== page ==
H.  whereas radio frequency identification (RFID) and other IoT-related technologies have advantages over bar codes and magnetic strips, and have many more applications, which can be interfaced with other networks – such as mobile phone networks – and could be developed still further once interfaced with sensors measuring aspects such as geolocation (e.g. the Galileo satellite system), temperature, light, pressure and g-forces; whereas the widespread introduction of RFID chips should significantly reduce their unit price as well as the cost of the respective readers,

I.   whereas RFID technology may be regarded as a catalyst and accelerator for the economic development of the information and communication industry,

J.    whereas RFID technology and other IoT-related technologies are already being applied in the manufacturing, logistics and supply-chain sectors, offer benefits in terms of product identification and traceability and have promising potential for developments in many other areas, such as health care, transport and energy efficiency, environment, retail and the fight against counterfeiting,

K. whereas, as with all e-Health systems, the design, development and implementation of RFID-enabled systems require the direct involvement of healthcare professionals, patients and relevant committees (on data protection and ethics, for example),

L.  whereas RFID can help to increase energy efficiency and reduce greenhouse gas emissions, and offer product-level carbon accounting,

M.  whereas RFID technology and other IoT-related technologies can benefit the public in terms of quality of life, safety,security and well-being, provided that facets relating to the protection of privacy and of personal data are properly managed,

N. whereas there is a need for sustainable, energy-efficient communication standards that focus on security and privacy and use compatible or identical protocols at different frequencies;

O.  whereas all everyday objects (such as transport cards, clothes, mobile telephones and cars) could ultimately be fitted with RFID chips, which will quickly take on major economic importance owing to the wide range of applications for which they may be used,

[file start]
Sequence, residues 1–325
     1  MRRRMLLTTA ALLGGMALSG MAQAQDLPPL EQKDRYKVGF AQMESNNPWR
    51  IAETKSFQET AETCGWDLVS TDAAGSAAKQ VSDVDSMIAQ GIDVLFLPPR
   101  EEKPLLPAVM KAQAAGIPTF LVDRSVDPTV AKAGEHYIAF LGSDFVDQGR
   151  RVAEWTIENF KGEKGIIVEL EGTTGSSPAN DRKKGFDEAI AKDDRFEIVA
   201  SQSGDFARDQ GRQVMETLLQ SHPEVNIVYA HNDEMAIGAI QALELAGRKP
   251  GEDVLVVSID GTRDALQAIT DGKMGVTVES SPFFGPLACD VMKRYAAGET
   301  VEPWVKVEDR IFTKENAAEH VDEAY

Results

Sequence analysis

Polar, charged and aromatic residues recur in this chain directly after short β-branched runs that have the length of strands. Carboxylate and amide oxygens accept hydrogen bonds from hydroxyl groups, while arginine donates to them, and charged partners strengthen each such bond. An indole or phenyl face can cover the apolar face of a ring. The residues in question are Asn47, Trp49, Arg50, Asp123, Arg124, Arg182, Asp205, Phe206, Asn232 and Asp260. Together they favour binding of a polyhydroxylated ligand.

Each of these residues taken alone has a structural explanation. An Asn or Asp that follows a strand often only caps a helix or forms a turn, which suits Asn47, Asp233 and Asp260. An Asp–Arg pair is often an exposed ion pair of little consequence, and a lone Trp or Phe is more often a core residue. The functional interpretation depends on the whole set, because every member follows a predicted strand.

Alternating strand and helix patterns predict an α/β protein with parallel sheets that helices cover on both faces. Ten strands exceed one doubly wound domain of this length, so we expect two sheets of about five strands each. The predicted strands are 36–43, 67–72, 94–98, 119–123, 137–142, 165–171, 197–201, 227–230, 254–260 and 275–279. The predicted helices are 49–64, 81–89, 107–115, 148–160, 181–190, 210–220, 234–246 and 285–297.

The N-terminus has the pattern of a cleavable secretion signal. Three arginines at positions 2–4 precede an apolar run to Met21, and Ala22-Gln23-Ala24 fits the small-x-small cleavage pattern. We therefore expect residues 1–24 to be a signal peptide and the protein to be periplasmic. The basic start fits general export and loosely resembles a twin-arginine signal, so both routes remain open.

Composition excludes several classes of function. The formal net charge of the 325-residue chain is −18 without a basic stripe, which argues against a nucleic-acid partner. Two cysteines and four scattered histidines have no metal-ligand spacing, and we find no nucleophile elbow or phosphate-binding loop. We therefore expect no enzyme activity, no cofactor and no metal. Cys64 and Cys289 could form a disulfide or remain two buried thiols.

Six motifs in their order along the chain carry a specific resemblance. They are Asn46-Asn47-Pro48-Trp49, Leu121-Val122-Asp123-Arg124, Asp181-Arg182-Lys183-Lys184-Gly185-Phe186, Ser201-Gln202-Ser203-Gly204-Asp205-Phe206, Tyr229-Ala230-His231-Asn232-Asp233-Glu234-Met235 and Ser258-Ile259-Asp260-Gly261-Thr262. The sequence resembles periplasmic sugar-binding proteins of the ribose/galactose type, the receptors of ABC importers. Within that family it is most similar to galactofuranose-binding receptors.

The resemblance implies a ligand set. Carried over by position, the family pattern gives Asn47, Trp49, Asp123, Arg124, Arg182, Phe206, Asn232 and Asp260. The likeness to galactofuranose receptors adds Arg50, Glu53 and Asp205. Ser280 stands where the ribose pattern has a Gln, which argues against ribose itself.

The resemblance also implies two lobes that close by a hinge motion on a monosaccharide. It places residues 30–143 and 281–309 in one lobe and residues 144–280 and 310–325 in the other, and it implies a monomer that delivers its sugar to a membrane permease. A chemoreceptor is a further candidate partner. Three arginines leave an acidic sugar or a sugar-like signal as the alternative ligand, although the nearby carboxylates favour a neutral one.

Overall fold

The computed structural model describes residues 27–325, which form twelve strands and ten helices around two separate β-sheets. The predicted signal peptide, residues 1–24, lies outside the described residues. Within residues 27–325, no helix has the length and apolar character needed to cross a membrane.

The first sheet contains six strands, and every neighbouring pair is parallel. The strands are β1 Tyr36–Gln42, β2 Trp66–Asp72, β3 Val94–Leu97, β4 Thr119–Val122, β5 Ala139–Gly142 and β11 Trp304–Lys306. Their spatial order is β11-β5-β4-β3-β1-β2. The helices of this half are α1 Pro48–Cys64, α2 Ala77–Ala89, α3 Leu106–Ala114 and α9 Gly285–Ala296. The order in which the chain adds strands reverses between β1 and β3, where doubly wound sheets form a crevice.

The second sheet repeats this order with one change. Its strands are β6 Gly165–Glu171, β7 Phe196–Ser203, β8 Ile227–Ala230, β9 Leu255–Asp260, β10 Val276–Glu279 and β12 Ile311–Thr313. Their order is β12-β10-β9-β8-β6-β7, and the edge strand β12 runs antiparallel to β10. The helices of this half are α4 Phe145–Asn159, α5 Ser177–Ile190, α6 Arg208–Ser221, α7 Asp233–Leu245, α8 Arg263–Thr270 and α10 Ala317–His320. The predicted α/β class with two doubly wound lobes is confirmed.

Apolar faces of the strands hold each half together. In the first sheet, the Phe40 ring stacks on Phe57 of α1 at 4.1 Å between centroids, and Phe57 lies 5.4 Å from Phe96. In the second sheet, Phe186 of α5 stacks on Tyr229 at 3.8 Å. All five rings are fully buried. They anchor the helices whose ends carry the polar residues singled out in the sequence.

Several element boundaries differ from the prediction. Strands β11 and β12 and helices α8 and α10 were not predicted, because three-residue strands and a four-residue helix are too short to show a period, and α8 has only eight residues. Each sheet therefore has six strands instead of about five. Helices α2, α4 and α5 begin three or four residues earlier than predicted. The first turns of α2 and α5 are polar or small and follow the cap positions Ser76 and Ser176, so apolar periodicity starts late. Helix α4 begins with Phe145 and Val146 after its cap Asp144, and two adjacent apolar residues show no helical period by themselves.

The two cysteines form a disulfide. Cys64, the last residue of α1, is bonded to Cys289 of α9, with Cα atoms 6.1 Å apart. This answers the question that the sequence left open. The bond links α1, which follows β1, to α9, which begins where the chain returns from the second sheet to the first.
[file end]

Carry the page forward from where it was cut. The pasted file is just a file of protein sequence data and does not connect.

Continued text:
P.   whereas the Internet of Things will permit the networking of billions of machines, which will be able to communicate and interact with one another via wireless technologies combined with logical and physical addressing protocols; whereas the Internet of Things should, through the use of electronic identification systems and wireless mobile devices, enable digital entities and physical objects to be identified directly and conclusively so as to allow the data they contain to be retrieved, stored, transferred and continuously processed,

Q.  whereas the miniaturisation of products used in the Internet of Things involves technological challenges, such as in incorporating electronics, sensors and the power supply and RFID transmission system into a chip measuring only a few millimetres,

R.   whereas, although RFID chips will be used in a still-wider range of applications in the future, this technology raises new data-protection issues, the most significant of which is the fact that the chips are totally or well-nigh invisible,

S.   whereas industry standards are very important, whereas RFID standardisation needs to mature and whereas the RFID standard mandate assigned jointly to the CEN and the ETSI (European Standard Organisations) in 2009 will therefore contribute to more innovative products and services using RFID,

T.   whereas it is important to raise European citizens’ awareness of new technologies and their applications, including their social and environmental impact, and to promote digital literacy and e-skills among consumers,

U. whereas the development of the Internet of Things should be inclusive and accessible to all EU citizens, and be supported by effective policies aimed at closing the digital gap within the EU and empowering more citizens with e-skills and a knowledge of their digital surroundings,